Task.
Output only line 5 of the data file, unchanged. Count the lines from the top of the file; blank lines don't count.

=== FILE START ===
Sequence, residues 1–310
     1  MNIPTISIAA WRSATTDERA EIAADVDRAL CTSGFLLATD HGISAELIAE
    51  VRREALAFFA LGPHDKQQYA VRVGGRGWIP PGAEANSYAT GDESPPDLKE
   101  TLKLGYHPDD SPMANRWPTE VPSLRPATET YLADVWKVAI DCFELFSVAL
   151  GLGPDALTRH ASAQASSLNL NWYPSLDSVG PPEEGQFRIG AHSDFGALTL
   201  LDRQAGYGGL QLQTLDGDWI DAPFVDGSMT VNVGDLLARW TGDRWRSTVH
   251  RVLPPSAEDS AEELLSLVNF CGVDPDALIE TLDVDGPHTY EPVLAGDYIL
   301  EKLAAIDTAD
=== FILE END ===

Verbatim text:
   151  GLGPDALTRH ASAQASSLNL NWYPSLDSVG PPEEGQFRIG AHSDFGALTL